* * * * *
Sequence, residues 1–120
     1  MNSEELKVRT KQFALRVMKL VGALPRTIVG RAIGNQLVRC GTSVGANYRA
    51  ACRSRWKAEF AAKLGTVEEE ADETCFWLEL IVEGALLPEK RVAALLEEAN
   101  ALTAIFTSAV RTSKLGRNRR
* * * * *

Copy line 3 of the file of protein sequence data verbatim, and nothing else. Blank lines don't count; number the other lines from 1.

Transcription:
    51  ACRSRWKAEF AAKLGTVEEE ADETCFWLEL IVEGALLPEK RVAALLEEAN